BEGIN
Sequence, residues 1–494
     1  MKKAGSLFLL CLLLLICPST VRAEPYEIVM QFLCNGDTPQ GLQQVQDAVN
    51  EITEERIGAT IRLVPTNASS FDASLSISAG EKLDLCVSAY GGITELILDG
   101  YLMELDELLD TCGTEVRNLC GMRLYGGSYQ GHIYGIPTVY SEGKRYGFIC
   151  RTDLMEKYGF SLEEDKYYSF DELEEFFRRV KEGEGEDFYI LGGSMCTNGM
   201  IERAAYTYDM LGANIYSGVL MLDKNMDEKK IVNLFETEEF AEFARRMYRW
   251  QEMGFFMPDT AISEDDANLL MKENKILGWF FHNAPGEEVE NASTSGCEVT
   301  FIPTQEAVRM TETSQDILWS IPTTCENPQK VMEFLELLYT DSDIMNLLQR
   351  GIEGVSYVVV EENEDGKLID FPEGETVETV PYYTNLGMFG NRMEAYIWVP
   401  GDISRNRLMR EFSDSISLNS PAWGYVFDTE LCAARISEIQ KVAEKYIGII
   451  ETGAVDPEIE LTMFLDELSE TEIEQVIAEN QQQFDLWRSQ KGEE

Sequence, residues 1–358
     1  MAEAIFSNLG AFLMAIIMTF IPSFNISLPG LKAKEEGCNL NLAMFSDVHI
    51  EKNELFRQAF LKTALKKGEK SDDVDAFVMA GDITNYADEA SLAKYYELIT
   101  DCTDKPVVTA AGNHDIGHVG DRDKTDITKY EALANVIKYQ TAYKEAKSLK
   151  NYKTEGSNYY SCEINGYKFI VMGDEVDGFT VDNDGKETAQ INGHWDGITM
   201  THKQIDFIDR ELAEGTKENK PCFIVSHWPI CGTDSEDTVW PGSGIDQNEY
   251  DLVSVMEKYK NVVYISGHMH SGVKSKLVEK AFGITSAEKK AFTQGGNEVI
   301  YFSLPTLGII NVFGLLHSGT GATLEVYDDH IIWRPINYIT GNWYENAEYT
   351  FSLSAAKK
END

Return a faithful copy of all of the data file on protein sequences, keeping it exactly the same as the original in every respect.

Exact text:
Sequence, residues 1–494
     1  MKKAGSLFLL CLLLLICPST VRAEPYEIVM QFLCNGDTPQ GLQQVQDAVN
    51  EITEERIGAT IRLVPTNASS FDASLSISAG EKLDLCVSAY GGITELILDG
   101  YLMELDELLD TCGTEVRNLC GMRLYGGSYQ GHIYGIPTVY SEGKRYGFIC
   151  RTDLMEKYGF SLEEDKYYSF DELEEFFRRV KEGEGEDFYI LGGSMCTNGM
   201  IERAAYTYDM LGANIYSGVL MLDKNMDEKK IVNLFETEEF AEFARRMYRW
   251  QEMGFFMPDT AISEDDANLL MKENKILGWF FHNAPGEEVE NASTSGCEVT
   301  FIPTQEAVRM TETSQDILWS IPTTCENPQK VMEFLELLYT DSDIMNLLQR
   351  GIEGVSYVVV EENEDGKLID FPEGETVETV PYYTNLGMFG NRMEAYIWVP
   401  GDISRNRLMR EFSDSISLNS PAWGYVFDTE LCAARISEIQ KVAEKYIGII
   451  ETGAVDPEIE LTMFLDELSE TEIEQVIAEN QQQFDLWRSQ KGEE

Sequence, residues 1–358
     1  MAEAIFSNLG AFLMAIIMTF IPSFNISLPG LKAKEEGCNL NLAMFSDVHI
    51  EKNELFRQAF LKTALKKGEK SDDVDAFVMA GDITNYADEA SLAKYYELIT
   101  DCTDKPVVTA AGNHDIGHVG DRDKTDITKY EALANVIKYQ TAYKEAKSLK
   151  NYKTEGSNYY SCEINGYKFI VMGDEVDGFT VDNDGKETAQ INGHWDGITM
   201  THKQIDFIDR ELAEGTKENK PCFIVSHWPI CGTDSEDTVW PGSGIDQNEY
   251  DLVSVMEKYK NVVYISGHMH SGVKSKLVEK AFGITSAEKK AFTQGGNEVI
   301  YFSLPTLGII NVFGLLHSGT GATLEVYDDH IIWRPINYIT GNWYENAEYT
   351  FSLSAAKK